Credit: Lorenzo Casalino, Abigail Dommer (Amaro Lab, UC San Diego)
Researchers in Rommie Amaro’s lab used Nanoscale Molecular Dynamics code on Oak Ridge National Laboratory's Summit supercomputer to simulate a molecular representation of the Delta variant SARS-CoV-2 viral particle. The model contains 305 million atoms that comprise the viral membrane (purple), membrane proteins (gray and yellow), and spike proteins (blue).

By current estimates, Frontier’s computing power should be 5–10 times that of Summit, Messer says. Yet because of a new, less-energy-demanding cooling system, Frontier’s energy needs do not scale with that added computing power. Red and blue hoses weave their way through each cabinet like veins pumping about 22,700 L of water per minute through nearly every component in the machine. Warm water enters the cabinets at about 29 °C and absorbs heat that the computer’s hardware produces as it crunches numbers. By the time the water flows away from the machine, its temperature has risen above 38 °C. The water gets chilled via evaporative cooling before reentering the cabinets. The new warm-water cooling system helped earn Frontier a top place in the Green500 list, a companion to the Top500 list that ranks supercomputers according to energy efficiency.

More exascale machines are expected to join Frontier at the top of the Top500 list in the coming years. In the US, the supercomputer Aurora at Argonne National Laboratory and El Capitan at Lawrence Livermore National Laboratory are expected to become available in 2023. All three of these US supercomputers were developed through an initiative within the US Department of Energy called the Exascale Computing Project. Meanwhile, researchers in China have already begun installing multiple exascale machines that have yet to be evaluated by the Top500 list, according to a report by HPC Wire. In June, the European High Performance Computing Joint Undertaking announced that a supercompter facility in Germany has been chosen to host the European Union’s first exascale machine. It’s the exascale future that chemical scientists have been awaiting and planning for.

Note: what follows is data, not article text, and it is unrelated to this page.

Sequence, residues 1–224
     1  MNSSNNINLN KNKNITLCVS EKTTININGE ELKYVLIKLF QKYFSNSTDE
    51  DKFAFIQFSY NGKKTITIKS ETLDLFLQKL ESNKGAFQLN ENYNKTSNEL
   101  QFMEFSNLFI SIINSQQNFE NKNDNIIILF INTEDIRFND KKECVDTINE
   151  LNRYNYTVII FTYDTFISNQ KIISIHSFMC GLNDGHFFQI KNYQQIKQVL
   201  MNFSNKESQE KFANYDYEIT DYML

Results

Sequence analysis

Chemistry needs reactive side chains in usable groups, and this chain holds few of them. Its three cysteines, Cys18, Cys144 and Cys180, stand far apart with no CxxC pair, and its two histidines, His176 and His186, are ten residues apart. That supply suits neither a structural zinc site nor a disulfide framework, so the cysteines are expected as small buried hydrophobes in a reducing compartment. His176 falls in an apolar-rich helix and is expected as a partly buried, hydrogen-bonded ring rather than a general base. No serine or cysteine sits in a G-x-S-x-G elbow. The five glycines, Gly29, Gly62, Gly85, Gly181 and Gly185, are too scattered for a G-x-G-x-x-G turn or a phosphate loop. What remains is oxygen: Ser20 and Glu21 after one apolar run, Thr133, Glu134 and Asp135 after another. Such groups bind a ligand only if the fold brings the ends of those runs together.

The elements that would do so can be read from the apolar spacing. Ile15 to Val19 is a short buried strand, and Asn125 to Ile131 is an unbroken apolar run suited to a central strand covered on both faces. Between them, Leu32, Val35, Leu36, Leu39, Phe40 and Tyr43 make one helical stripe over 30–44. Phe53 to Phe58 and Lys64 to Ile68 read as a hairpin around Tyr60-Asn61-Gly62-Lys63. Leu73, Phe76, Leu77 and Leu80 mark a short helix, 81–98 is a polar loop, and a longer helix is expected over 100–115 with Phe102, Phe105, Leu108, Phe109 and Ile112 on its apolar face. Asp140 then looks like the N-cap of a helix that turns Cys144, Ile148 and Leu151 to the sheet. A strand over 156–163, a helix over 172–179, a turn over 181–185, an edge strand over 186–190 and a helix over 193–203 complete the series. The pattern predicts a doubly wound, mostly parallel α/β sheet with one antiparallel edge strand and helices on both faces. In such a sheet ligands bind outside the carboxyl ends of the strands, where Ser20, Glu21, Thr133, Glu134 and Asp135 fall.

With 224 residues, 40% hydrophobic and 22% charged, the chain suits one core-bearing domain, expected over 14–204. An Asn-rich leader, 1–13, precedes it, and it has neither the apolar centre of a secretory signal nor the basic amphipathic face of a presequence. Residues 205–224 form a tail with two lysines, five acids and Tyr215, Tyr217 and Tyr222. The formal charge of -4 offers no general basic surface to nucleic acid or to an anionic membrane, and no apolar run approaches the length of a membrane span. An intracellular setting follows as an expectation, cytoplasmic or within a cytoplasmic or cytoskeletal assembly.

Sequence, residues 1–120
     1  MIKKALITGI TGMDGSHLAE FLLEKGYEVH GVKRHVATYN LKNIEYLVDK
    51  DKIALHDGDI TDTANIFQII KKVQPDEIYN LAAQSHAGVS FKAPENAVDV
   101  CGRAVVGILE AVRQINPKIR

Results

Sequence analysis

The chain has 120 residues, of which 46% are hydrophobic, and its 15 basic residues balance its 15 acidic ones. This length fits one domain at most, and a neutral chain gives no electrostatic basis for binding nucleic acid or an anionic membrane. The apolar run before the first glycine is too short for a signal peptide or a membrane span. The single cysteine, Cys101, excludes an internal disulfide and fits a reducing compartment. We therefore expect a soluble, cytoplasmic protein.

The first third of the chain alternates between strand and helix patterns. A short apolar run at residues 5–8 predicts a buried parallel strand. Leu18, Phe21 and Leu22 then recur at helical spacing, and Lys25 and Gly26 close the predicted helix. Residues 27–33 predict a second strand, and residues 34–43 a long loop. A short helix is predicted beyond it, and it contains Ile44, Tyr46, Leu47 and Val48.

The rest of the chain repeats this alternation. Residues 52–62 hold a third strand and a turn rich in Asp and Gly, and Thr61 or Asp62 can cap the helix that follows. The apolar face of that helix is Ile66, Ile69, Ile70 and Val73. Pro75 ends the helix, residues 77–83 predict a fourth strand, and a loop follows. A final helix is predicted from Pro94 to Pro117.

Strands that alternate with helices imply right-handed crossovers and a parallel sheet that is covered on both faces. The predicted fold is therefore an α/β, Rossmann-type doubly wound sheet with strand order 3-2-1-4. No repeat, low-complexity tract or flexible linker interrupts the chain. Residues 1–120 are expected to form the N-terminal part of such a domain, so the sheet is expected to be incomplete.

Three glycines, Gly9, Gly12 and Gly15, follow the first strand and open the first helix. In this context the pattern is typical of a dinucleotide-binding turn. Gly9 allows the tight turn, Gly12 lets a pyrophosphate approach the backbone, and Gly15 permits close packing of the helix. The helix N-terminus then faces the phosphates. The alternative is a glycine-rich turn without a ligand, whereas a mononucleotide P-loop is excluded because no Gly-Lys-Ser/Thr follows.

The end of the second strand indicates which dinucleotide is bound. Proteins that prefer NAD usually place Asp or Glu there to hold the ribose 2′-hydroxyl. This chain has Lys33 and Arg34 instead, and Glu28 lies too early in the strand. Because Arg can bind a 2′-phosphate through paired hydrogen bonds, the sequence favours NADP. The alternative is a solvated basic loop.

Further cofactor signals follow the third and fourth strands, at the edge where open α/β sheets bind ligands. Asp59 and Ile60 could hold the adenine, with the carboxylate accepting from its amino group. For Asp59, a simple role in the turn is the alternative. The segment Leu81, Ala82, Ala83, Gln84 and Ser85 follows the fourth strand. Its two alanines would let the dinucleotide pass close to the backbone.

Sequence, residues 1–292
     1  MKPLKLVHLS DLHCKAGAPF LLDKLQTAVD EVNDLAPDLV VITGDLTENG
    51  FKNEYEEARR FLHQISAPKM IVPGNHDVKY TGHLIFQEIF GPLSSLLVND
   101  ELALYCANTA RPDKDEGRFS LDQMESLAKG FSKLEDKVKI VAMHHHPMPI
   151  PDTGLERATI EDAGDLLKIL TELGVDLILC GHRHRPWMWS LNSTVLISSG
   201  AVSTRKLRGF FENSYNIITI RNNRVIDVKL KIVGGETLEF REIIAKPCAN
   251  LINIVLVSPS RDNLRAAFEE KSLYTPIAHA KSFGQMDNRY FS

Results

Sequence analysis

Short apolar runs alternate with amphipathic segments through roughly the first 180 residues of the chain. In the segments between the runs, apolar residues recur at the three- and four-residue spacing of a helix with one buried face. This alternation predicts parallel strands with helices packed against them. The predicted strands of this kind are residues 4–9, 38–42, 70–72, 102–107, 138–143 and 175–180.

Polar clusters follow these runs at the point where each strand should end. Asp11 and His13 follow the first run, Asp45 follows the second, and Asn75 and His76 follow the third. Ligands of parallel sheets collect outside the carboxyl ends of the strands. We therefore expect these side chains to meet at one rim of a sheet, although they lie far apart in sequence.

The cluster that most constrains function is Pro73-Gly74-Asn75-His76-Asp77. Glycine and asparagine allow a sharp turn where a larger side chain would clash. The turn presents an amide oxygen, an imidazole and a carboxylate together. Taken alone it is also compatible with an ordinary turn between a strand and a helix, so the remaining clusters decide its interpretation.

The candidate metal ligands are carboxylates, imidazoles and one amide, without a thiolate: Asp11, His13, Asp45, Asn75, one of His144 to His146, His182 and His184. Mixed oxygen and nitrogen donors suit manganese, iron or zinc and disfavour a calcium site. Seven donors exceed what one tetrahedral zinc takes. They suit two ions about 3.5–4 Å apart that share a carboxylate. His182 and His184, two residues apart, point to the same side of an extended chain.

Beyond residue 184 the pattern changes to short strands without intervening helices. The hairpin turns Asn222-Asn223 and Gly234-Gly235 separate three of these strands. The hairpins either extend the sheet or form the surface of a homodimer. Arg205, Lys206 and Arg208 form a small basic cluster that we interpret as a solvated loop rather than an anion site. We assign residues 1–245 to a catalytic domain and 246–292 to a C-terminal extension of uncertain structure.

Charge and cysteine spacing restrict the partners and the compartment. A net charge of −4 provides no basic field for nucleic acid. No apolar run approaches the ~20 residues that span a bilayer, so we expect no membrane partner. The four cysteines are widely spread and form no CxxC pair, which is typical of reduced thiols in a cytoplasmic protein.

Bigger, Longer, Faster

Bronson Messer points to red and blue hoses in an open cabinet of Frontier.
Credit: Ariana Remmel
Bronson Messer (shown) describes Frontier's warm-water cooling system as a key innovation that allows the supercomputer to excel in both computing power and energy efficiency.

Because Frontier and these other supercomputers can push past the exascale barrier, chemists will be able to run bigger, longer simulations of molecular systems at record speeds. Data from these models could help researchers analyze features of chemical systems they haven’t seen before. In addition to leading the way on building these record-breaking machines, the Exascale Computing Project and supercomputer user facilities have been working with computational chemists to ensure that many of the codes used to simulate molecular systems are ready to harness the power of exascale computing from the get-go.